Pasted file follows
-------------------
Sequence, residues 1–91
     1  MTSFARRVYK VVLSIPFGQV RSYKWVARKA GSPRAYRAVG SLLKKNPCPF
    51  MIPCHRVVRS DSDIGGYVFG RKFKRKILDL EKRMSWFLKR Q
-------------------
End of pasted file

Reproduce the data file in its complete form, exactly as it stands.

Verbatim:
Sequence, residues 1–91
     1  MTSFARRVYK VVLSIPFGQV RSYKWVARKA GSPRAYRAVG SLLKKNPCPF
    51  MIPCHRVVRS DSDIGGYVFG RKFKRKILDL EKRMSWFLKR Q